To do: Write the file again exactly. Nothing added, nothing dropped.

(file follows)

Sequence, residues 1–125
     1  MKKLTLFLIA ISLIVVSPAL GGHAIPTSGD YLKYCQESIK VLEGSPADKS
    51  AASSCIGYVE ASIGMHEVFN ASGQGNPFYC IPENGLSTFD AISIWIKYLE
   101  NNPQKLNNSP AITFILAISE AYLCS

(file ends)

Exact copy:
Sequence, residues 1–125
     1  MKKLTLFLIA ISLIVVSPAL GGHAIPTSGD YLKYCQESIK VLEGSPADKS
    51  AASSCIGYVE ASIGMHEVFN ASGQGNPFYC IPENGLSTFD AISIWIKYLE
   101  NNPQKLNNSP AITFILAISE AYLCS